At that moment in time I must admit that, although I was fully revealed and as vulnerable as I could be, I did not feel love, connectivity and creativity. I felt alone. I felt shame, the deep disturbing sense that I was a bad person. Not only had I done bad things, I was fundamentally flawed. 

It was at this low point that I started to learn what I now observe in conscious leaders: 

I started to become more aware, honest and open...and less vulnerable. 

What was happening was that I was seeing myself more accurately, especially the darker parts that had lived in the shadows. I was seeing more clearly my motivations and manipulations, the deeper reasons why I did what I did. This growing self awareness was both frightening and liberating. As I was also increasingly more honest and open, I was experiencing the cost of hiding and the power of telling the truth. 

And as I faced and revealed more and more I felt less and less vulnerable. A paradox for sure. Dr. Brown says that vulnerability is uncertainty, risk and emotional exposure. In my experience the key word is risk. When I am vulnerable, I am risking. But risking what? 

Approval, Control, and Security

My sense is that what we’re risking when we’re vulnerable is losing approval, control and security….three of the core wants and needs of being human. If I tell you the truth about who I am, what I feel and what I want, really want, I’ll risk losing …..

  • Approval: you might not like me, love me, respect me, value me, want to relate to me. You might disapprove of me or reject me, criticize me.
  • Control: If I tell you everything then I can’t control you. I can’t control how you see me, what you say about me, what you do or don’t do with me. 
  • Security: If I tell the truth I might get fired or divorced or disowned and my security will be threatened. I might lose my job, my house, my money, even my physical safety. 

This is why vulnerability is so scary, because I lose all certainty about what will happen; I risk what matters most to me and experience exposure at a primal level. This is what Dr. Brown is pointing at, and this was at times my experience, but something else was happening. 

Slowly, oh so slowly, and very unsteadily, I was discovering experientially that I was OK, really OK. What this points to is that there is an experience of approval, control and security that is not dependent on what others say or do. Another way of saying this is that there is less risk, less uncertainty and less exposure all the time...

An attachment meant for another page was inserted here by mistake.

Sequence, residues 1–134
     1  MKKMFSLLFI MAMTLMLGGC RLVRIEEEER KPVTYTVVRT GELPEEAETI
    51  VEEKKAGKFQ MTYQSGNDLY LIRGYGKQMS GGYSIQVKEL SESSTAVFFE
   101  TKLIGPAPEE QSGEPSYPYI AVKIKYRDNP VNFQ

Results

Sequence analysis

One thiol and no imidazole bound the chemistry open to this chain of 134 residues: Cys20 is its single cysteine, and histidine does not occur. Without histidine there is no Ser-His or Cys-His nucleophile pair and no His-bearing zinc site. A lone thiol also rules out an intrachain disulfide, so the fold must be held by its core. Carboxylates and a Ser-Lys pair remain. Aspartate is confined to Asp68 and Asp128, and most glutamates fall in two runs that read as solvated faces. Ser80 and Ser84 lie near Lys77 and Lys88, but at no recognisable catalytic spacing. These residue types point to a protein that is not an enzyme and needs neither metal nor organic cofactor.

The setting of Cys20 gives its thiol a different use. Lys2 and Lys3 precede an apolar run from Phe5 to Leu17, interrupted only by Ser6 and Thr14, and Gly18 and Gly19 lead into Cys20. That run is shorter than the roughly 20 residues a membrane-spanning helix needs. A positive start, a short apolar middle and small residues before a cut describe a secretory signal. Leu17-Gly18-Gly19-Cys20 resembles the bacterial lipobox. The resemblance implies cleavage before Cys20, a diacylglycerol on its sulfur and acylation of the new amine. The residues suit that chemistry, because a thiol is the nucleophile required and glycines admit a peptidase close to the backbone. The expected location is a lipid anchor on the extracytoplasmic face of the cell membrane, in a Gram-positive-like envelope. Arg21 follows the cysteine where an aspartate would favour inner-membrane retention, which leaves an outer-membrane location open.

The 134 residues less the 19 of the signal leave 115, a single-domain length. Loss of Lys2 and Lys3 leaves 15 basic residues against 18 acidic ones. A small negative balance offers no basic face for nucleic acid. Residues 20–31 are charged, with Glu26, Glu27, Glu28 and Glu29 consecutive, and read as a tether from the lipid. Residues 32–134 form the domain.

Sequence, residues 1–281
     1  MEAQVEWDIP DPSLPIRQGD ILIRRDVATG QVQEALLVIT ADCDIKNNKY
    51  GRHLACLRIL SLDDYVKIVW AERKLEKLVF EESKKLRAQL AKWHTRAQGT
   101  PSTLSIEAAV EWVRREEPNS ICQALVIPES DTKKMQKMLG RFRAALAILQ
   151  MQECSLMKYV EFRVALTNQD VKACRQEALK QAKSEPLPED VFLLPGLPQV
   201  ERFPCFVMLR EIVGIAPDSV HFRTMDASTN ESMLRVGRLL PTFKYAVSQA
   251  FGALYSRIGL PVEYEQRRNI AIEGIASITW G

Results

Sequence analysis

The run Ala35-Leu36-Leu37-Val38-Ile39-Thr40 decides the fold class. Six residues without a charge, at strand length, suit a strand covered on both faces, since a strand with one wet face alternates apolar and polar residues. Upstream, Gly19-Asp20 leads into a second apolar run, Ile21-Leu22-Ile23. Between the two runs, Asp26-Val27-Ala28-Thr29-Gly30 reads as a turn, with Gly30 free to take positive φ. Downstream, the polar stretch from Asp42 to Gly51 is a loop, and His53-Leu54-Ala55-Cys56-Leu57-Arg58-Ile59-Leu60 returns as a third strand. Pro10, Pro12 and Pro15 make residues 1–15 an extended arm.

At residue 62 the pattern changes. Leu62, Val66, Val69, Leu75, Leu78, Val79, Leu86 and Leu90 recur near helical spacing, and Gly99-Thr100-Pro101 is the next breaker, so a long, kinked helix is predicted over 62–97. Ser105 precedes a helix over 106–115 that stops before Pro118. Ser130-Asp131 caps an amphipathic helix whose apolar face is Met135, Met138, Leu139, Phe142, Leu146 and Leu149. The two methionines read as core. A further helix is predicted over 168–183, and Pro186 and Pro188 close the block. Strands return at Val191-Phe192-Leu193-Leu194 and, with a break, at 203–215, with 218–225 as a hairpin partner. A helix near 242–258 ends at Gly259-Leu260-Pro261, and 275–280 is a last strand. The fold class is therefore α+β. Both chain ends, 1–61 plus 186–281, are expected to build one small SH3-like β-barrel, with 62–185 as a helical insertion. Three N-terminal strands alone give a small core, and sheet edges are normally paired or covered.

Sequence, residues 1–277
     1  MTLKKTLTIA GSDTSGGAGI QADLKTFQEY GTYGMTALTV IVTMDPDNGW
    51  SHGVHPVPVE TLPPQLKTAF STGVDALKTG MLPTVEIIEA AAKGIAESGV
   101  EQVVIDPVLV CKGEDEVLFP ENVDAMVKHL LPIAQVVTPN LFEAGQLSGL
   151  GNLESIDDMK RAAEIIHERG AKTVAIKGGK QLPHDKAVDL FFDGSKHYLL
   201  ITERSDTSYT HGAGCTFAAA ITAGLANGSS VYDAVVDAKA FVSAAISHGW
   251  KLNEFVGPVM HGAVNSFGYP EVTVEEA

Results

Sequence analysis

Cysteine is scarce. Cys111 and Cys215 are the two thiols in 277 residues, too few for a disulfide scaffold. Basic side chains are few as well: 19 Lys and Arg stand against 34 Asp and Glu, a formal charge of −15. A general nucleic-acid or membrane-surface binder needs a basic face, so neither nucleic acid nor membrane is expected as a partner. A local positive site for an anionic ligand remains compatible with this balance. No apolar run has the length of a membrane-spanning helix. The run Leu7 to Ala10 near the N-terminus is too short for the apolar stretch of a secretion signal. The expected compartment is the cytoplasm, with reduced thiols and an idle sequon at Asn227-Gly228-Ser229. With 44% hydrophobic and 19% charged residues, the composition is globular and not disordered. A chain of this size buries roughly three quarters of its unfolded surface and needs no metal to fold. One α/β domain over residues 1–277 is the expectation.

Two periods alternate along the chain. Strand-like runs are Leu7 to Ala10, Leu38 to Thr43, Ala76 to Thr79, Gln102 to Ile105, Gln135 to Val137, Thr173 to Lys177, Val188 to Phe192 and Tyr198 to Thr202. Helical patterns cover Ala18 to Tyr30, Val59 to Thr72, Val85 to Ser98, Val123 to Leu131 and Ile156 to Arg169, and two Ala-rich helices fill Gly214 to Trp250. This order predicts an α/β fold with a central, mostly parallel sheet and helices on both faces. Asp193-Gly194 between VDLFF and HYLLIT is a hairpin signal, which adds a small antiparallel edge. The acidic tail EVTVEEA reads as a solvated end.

What makes vulnerability feel vulnerable is going away. 

To be very clear, it has not gone away completely. Vulnerability still shows up often. Like last month when I was in the hospital thinking I might die. I felt so vulnerable. Or when I go to the edge of being truthful with my wife Debbie and feel the contraction in my belly (FEAR) that I won’t be wanted, that she might look at me in a disapproving way or cut off her love. Humanity is still here. AND, more and more, as I face, feel and reveal and I don’t have a sense that there is a risk. Living this way is becoming more normal. I have a deep sense of approval, control and security on the inside. It is becoming more imperturbable all the time. And I feel less vulnerable. More open, less vulnerable. 

And I’m not alone. I live in communities of leaders who are more and more self aware and radically honest. As Dr. Brown says, they experience more connection with others and themselves, more love and more creativity and innovation, but at times they experience criticism, rejection and become the object of other people’s gossip. They lose relationships and things.

And they are OK, really OK, because they can rest in the experience of having enough approval, control and security. Because they have it and know it experientially it no longer feels like a risk that they will lose it. In the midst of all of the uncertainty of life they have a growing certainty and trust in a love that enfolds them. 

So what my experience and that of others is offering is that everything Dr. Brown says about vulnerability is true. And it might be a step along the path of a leader’s journey, but there are steps beyond. As leaders keep doing the deep inner work of learning to rest moment to moment in a love that is not outsourced to others, they become more and more aware, open, and honest, yet less vulnerable.


Check out our free + open source resources for Commitment 11: Approval, Control, and Security